You ... will ... tell ... me ...  everything ...
[Philological footnote: Abdellatif Hammouchi is a big fish, the head of Moroccan domestic intelligence.  Ironically, his given-name means, in Arabic,  ‘servant of the Gentle, the Merciful’. ]
In other words:  France itself was in no way implicated in the torture, which is purely a Moroccan matter, and probably had no notion of it, but is merely responding, as it legally must, to three formal complaints, with a view to finding out what might have happened.   Morocco’s objection is that France did not discreetly hush the whole thing up -- though lord knows, the French have hardly been trumpeting it;  what made the headlines were not the unproved allegations, but the over-the-top Moroccan diplomatic response.   In general, France is very discreet and complicitous with regard to the shenanigans of its Third World semi-allies, but they do have to draw the line somewhere, when the latter are so indiscreet.   The message is:  Do whatever you like in your own country, but please do not send your top torturers to visit in France;  it embarrasses us.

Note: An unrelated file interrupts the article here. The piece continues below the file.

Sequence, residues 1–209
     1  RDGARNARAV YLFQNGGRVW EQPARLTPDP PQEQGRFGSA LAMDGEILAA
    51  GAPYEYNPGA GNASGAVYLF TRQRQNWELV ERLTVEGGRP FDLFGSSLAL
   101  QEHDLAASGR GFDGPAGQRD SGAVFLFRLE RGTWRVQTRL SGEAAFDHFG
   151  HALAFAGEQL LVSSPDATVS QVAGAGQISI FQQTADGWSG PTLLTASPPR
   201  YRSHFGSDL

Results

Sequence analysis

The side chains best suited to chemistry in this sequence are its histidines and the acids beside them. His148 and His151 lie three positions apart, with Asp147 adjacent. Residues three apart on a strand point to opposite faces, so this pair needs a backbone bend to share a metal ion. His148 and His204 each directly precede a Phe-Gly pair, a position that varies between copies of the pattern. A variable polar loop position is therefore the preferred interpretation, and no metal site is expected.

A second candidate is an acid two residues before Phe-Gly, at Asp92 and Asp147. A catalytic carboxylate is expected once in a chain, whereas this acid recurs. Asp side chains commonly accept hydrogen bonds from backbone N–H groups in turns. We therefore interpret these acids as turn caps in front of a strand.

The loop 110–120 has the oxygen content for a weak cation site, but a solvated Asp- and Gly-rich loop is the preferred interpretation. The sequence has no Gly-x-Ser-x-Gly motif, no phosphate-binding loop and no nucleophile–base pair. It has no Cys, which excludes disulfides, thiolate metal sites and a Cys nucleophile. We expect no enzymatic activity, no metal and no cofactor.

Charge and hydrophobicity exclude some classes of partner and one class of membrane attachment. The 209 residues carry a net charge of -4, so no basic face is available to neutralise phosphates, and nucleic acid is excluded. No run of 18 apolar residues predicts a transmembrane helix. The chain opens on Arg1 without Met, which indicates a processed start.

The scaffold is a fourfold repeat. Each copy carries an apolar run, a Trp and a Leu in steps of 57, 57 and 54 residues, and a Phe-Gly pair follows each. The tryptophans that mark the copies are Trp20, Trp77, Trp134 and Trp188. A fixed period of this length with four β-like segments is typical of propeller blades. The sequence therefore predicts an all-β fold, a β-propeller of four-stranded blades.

For a glimpse at that latter aspect of French diplomacy, cf. now this:

La France a démenti mercredi les propos prêtés à son ambassadeur à l'Onu qui ont provoqué un incident diplomatique entre Rabat et Paris, dont les relations sont déjà envenimées par des plaintes contre le patron du renseignement marocain.
L'acteur espagnol Javier Bardem, partisan d'un référendum d'autodétermination du Sahara occidental, une ancienne colonie espagnole au Maroc, a fait état dans Le Monde d'une conversation qu'il aurait eue en 2011 avec Gérard Araud.
"Le Maroc est une maîtresse avec laquelle on dort toutes les nuits, dont on n'est pas particulièrement amoureux mais qu'on doit défendre. Autrement dit, on détourne les yeux", lui aurait alors dit l'ambassadeur.

[Update 5 avril 2014]  Morocco blusters back: